Artificial pancreas promises to help women with type 1 diabetes when giving birth
Posted on 05 July 2018
Women living with type 1 diabetes who used an artificial pancreas when giving birth spent on average 82% of time in target glucose range.
27 women chose to use the artificial pancreas during labour and delivery, and the artificial pancreas performed well across vaginal births as well as planned and emergency caesarean sections.
These results come from further analysis of data from two recent studies looking at the use of the artificial pancreas during and after pregnancy.
Why did they do this research?
Managing glucose levels during pregnancy and labour is particularly challenging for women living with type 1 diabetes due to the huge hormonal and bodily changes. Women living with type 1 diabetes however have to try and keep their glucose levels in range to ensure a safe and healthy pregnancy and delivery.
The artificial pancreas is made up of a continuous glucose monitor (CGM), a computer program and an insulin pump that work together to deliver background insulin automatically and keep glucose levels in range. JDRF has been supporting Professor Roman Hovorka for many years at the University of Cambridge to develop and test an artificial pancreas for type 1 diabetes.
In the last few years, a team led by Professor Helen Murphy has been running small trials of the Professor Hovorka’s artificial pancreas during pregnancy and labour.
The aim of this observational study was to check whether the artificial pancreas could be a safe and suitable treatment option during and after giving birth.
What did they do?
The team previously ran two small studies of women using the artificial pancreas during pregnancy, and the women were offered the choice to continue using the artificial pancreas while giving birth.
27 of the 32 women who participated chose to continue using the artificial pancreas during and after labour, and the team looked at how well the artificial pancreas was able to keep glucose levels in range.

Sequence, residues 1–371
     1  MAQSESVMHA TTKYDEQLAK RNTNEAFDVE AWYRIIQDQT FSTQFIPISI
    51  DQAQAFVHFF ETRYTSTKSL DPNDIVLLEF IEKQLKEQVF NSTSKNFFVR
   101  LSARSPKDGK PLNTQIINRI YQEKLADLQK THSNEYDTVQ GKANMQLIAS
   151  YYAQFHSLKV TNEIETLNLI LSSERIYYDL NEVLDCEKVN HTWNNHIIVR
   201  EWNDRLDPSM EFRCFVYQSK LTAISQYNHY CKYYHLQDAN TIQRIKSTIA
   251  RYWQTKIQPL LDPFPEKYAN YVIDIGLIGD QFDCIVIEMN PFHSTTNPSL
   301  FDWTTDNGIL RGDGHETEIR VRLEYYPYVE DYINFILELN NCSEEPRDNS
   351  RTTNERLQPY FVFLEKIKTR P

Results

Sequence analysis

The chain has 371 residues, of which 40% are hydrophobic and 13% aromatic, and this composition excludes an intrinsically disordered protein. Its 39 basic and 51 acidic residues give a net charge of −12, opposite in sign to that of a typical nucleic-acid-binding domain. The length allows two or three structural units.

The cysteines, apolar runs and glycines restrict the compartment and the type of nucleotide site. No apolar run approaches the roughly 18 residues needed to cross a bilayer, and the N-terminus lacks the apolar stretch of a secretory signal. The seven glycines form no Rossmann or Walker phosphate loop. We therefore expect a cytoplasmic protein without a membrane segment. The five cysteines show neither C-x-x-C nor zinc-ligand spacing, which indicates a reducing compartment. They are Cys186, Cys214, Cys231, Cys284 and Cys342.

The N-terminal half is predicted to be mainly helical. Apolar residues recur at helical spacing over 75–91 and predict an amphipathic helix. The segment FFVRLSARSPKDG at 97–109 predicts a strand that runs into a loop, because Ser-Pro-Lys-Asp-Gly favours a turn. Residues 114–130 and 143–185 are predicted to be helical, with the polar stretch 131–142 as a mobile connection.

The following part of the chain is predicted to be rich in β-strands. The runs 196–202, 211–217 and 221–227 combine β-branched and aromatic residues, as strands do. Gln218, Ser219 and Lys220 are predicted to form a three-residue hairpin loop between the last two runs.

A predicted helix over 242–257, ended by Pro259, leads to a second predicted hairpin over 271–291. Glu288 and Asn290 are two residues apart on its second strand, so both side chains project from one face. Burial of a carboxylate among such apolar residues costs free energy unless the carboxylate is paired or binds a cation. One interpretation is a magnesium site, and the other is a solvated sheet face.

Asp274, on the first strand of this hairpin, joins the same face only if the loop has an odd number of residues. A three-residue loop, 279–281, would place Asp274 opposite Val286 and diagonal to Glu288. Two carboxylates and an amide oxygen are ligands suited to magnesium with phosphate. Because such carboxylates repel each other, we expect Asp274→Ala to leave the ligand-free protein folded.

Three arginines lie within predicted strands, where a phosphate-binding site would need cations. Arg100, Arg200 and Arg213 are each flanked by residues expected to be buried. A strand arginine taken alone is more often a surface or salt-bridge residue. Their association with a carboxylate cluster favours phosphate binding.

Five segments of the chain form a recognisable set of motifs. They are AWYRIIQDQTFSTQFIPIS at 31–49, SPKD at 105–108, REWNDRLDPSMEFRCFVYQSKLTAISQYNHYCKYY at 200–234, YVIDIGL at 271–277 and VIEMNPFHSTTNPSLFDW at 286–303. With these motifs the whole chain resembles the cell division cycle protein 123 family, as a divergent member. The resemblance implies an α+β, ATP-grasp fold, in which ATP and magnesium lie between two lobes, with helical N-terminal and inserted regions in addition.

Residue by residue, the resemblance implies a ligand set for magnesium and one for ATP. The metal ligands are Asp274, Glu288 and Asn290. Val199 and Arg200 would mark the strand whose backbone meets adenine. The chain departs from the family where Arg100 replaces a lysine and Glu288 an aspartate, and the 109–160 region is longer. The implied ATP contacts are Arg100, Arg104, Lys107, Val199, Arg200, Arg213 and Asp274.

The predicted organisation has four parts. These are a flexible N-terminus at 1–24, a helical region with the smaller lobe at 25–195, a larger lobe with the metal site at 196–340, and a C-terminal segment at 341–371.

The artificial pancreas meant that the women’s glucose levels were on average in range 82% of the time during labour and delivery, and 83% in range shortly after giving birth. Importantly, there were no severe hypos or serious problems with the artificial pancreas technology.
What does this mean for type 1?
The results indicate that the artificial pancreas could be an effective treatment option during and shortly after labour for women living with type 1 diabetes. In addition, the women’s experiences using the artificial pancreas were broadly positive, with one commenting that:
“It just took all the worry away, to be honest.”
In their paper, the researchers highlighted the particular potential benefits of using the artificial pancreas shortly after giving birth:
“The rapid reduction in insulin requirements postpartum is difficult to predict and highly variable, so [the artificial pancreas] might be particularly useful in adjusting insulin doses in the postpartum period.”
As this was a small observational study, the researchers say that larger clinical trials with control groups are needed to test how effective the artificial pancreas is during pregnancy and labour compared with current treatment approaches. The team also called for more work to understand how women and healthcare providers will adopt this technology.
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